Twitter is expand access into an opt-in feature designed to make its platform more accessible to people using screen readers. The social network is rolling out image description prompts to encourage more people to add descriptions to photos they share. Twitter begins testing this feature in July with 10% of users and is currently available to everyone on the platform.
The image description, or alt text, is a description of what appears in the image and provides context for people who may be blind or have low vision and use screen readers. It’s a way to ensure that all users can participate in conversations. Images posted on Twitter without alt text will not be accessible to people using screen readers.
Twitter also notes that alt text is useful not only to people using screen readers, but also to people in low-bandwidth areas, web phone users, and anyone else who wants to learn more. about image.
You can enable the new prompt by going into your settings and selecting “Accessibility,” then tapping the “Get image description prompt” option. Once enabled, this feature will send you web and mobile reminders prompting you to add alt text when you’re about to tweet an image. This feature is designed to get you in the habit of adding alt text to every image you share on the platform to ensure that it is accessible to everyone.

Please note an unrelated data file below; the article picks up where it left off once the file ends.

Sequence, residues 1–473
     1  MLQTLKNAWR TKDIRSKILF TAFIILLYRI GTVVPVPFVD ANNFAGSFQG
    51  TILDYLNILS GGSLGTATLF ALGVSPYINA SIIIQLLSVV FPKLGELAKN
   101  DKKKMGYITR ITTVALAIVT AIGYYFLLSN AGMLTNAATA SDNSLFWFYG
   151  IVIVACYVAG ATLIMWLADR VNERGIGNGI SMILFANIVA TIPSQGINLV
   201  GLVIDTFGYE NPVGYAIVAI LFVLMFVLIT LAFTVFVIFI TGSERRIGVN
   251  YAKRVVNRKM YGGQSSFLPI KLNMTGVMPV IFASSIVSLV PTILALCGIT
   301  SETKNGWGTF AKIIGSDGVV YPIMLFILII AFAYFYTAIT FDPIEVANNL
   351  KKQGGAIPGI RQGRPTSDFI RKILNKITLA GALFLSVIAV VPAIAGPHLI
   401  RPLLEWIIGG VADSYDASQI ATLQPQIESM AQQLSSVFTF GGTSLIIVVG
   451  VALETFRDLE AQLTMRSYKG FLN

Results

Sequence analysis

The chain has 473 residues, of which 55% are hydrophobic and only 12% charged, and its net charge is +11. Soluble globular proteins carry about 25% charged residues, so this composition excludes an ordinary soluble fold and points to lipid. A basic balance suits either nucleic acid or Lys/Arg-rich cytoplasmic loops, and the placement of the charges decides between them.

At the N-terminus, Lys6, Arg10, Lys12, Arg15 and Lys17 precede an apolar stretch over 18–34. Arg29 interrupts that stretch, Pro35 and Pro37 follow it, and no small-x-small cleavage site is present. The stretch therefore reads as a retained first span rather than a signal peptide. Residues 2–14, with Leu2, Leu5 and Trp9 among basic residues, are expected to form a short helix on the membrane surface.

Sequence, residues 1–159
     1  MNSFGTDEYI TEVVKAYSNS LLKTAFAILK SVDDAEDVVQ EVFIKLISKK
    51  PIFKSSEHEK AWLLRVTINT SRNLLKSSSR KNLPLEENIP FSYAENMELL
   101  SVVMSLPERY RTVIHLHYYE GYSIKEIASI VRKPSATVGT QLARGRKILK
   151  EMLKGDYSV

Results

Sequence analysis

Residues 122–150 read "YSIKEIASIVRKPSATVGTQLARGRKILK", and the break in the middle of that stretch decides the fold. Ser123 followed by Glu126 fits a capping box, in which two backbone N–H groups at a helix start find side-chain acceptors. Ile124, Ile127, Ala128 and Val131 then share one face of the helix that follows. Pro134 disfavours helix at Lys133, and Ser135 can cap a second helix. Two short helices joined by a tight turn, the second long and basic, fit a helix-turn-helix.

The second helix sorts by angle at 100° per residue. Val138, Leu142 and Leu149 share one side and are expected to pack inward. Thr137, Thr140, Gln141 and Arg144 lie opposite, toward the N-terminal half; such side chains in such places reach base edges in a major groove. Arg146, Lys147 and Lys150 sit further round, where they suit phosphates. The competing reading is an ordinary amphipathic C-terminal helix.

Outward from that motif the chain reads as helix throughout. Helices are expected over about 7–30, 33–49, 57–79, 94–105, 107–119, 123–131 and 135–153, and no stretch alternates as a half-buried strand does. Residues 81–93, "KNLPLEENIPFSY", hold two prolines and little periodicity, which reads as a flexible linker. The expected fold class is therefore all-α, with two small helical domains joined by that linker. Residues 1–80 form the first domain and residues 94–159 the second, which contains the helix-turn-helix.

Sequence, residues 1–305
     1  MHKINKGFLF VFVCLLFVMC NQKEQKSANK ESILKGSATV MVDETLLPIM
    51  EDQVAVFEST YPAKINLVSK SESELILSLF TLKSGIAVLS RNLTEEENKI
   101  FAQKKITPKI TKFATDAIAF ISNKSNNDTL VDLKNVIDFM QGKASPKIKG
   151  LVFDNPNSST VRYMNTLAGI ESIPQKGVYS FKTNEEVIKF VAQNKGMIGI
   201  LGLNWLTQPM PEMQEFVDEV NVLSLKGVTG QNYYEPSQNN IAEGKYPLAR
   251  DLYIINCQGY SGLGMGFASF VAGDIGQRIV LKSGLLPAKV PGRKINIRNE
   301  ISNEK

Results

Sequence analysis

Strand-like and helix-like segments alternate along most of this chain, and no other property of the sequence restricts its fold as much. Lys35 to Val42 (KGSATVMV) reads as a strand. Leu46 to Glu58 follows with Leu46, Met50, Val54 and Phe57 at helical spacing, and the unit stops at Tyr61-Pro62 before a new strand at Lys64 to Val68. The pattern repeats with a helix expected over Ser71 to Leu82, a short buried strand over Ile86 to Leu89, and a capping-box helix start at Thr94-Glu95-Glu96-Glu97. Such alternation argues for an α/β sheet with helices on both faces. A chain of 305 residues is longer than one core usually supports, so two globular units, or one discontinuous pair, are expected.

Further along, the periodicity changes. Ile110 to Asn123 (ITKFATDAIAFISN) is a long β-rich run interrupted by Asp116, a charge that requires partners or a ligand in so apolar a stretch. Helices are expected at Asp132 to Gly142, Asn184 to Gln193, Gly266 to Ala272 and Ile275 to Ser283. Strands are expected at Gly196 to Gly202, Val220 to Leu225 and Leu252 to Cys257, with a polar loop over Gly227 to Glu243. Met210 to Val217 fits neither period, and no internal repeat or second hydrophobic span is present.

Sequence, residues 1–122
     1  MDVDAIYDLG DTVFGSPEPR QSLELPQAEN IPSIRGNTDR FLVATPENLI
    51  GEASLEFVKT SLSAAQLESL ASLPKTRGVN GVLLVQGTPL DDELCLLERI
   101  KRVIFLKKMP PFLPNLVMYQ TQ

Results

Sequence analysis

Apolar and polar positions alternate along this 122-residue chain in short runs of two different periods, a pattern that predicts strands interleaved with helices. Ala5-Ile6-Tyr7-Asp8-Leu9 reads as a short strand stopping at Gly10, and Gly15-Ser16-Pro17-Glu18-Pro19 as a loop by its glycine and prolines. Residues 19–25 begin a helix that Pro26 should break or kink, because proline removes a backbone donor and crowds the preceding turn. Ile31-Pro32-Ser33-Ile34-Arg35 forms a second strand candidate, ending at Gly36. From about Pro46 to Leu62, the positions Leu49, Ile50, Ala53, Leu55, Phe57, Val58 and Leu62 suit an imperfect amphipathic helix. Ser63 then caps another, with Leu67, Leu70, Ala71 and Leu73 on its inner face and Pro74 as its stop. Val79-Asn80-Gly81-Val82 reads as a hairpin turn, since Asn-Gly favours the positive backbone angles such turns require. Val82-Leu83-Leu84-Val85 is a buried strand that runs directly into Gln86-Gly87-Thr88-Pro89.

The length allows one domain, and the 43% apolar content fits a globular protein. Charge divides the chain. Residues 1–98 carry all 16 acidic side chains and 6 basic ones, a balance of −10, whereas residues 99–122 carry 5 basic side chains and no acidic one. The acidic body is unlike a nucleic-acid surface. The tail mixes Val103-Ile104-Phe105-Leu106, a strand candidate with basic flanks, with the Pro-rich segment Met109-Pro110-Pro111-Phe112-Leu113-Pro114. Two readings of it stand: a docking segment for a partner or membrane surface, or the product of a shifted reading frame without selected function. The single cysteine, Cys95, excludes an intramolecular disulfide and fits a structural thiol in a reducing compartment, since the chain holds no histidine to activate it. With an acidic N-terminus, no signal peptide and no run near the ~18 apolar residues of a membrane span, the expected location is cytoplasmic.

The social network says it’s important to be concise and objective when adding alt text. For example, if you’re uploading a picture of a beach, you might write: “an empty beach at sunset with reds, oranges, purples, and blues in a cloudless sky. The palm tree is visible in the foreground”.
Images with descriptions will be uploaded with an “ALT” badge in the lower left corner to make it clear that there is additional descriptive text. Like tweet text translation, Twitter translates image descriptions to make sure people around the world can access them.
The launch of alt text prompts goes like Twitter rolls out a button to toggle closed subtitles for all users on iOS and Android a few months ago. The CC toggle button appears in the upper-right corner of the video with the subtitles available. You can then tap the button to turn the subtitles on or off. Twitter added a toggle button after it launched subtitles are automatically generated on video last December to make it more accessible to deaf and hard of hearing users.